Focusing Tip #863 – Focusing Process – “Why does having a Focusing partner help so much?”
What does having a Focusing Companion add to our process? Read on…
Why does it land so differently when my companion reflects my words back to me, as opposed to when I say them myself? (We are pretty much saying the same thing if I used Self-in-Presence language to start with.)
It almost seems like I cannot process or “perceive” my words at the same time as I speak them. But when my companion says the words, I can process them or perceive them. Is it because our brain cannot speak and process at the same time?
It turns out that listening and speaking are handled by different parts of the brain. According to brain researchers, Broca’s area is involved in speaking, whereas understanding and listening are under the domain of Wernicke’s area.
But I don’t think that’s the main reason why hearing our own words from a Companion is so powerfully helpful. Let me explain.
Focusing is a process of new steps emerging from what seemed already known. Paradoxically, new steps emerge because we are staying with exactly how something is.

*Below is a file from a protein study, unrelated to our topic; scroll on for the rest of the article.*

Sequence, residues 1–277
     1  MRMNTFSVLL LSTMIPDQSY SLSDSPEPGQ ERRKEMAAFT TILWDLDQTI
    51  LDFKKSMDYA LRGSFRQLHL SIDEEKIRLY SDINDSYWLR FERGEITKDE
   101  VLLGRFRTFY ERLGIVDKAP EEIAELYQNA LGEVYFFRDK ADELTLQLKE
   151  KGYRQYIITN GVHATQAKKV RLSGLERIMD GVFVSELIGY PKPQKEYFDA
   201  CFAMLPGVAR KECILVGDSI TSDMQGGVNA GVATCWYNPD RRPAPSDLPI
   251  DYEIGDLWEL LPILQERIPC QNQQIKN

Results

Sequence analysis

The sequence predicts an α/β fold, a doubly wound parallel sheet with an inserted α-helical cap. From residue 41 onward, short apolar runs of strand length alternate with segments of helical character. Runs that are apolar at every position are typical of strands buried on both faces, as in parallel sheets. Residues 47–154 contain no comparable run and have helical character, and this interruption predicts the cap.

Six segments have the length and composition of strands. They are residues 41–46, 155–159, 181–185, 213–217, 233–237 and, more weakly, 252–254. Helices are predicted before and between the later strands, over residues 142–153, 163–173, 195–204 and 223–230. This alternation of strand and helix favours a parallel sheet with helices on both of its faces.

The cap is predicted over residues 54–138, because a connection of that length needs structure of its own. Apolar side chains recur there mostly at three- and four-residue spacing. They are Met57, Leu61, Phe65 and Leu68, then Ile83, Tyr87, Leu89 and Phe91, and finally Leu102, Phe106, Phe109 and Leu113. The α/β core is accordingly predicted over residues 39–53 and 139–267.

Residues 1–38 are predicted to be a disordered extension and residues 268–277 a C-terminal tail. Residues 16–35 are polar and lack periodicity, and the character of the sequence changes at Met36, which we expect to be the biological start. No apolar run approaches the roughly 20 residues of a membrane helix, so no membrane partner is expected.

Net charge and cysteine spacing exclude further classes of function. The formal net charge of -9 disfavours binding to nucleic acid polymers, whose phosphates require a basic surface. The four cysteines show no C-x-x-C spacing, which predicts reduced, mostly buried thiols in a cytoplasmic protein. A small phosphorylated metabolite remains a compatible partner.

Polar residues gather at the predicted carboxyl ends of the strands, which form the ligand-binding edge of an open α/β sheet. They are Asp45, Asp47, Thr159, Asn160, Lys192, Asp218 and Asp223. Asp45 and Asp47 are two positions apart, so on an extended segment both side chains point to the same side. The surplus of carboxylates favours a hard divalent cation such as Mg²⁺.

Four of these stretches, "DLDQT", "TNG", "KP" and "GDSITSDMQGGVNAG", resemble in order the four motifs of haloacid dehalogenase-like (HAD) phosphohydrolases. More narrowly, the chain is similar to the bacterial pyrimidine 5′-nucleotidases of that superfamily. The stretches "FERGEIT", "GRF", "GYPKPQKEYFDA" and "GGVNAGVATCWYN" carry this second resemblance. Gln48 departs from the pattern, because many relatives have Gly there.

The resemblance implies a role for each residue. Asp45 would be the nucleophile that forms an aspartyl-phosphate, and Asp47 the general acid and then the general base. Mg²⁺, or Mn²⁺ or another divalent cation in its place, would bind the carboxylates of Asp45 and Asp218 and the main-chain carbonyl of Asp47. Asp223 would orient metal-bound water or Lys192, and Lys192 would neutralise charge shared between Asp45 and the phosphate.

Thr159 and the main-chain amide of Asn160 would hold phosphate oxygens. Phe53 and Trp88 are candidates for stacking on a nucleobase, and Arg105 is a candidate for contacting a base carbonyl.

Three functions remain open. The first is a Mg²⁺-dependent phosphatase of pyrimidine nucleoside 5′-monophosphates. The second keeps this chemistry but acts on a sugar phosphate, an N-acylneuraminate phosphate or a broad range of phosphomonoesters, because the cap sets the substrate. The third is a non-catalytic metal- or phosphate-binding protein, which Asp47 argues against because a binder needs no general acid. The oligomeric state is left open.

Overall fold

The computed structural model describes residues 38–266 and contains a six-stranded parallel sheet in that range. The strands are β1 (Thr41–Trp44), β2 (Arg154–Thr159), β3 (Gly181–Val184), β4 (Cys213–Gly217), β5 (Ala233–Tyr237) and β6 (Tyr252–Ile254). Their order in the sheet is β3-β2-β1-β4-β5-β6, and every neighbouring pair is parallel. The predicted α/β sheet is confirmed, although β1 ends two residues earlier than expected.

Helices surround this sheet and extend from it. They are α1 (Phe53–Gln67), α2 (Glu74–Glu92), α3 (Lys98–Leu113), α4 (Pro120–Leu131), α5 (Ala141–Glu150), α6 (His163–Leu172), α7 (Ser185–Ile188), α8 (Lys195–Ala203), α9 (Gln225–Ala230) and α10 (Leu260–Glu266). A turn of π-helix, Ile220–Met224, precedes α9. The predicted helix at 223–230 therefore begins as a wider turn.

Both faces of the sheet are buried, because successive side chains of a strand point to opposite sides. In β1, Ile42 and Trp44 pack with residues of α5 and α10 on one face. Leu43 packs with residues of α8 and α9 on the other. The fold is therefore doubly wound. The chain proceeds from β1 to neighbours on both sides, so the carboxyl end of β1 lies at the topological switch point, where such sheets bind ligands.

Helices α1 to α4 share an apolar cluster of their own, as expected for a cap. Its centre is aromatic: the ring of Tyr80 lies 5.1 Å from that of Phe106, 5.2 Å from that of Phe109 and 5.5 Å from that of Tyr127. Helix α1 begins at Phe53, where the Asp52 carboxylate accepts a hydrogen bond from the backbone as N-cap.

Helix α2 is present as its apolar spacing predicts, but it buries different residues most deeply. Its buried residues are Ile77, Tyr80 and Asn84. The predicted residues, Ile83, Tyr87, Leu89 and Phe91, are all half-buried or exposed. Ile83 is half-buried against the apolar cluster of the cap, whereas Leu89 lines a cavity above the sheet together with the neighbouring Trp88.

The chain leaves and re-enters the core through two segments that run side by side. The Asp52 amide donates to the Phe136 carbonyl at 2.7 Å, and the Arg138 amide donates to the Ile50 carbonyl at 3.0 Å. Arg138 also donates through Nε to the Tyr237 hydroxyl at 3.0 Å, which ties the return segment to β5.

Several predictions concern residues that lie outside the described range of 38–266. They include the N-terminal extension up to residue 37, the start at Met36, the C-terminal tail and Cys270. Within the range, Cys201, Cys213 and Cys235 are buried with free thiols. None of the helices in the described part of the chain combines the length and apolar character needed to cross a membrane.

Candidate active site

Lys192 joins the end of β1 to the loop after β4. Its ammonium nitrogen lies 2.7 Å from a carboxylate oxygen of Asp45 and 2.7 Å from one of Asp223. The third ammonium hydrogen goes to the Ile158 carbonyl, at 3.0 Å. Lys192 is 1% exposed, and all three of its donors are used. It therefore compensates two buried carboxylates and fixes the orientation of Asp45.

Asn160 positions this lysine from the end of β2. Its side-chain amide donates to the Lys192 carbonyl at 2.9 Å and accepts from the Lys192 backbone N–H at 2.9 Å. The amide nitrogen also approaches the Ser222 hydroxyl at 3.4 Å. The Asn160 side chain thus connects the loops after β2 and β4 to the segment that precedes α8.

New steps emerge from interaction, Gendlin says. But it’s a very particular kind of interaction. It’s an interaction that adds nothing.
When you speak in Focusing, describing something you feel right now, that’s true at that moment. But beneath what you can put into words, there is more.
When your Companion says back what you said, and you then carry those words inside and check them there, the next step starts to emerge.
Often it seems that the next step can come because this much has been fully understood and heard.
I was Focusing with my Focusing partner a few days ago. I was feeling something hard to describe, about something that happened last summer.
“It’s feeling stunned,” I said to her. “Like it’s shocked.”
She said back, “Like it’s stunned. Shocked.”
I paused. Hearing the words in her voice helped. It was easier for me to offer them to the feeling, and to feel they were not quite right. “It’s been silenced,” I said. And a deep breath came. That was a step.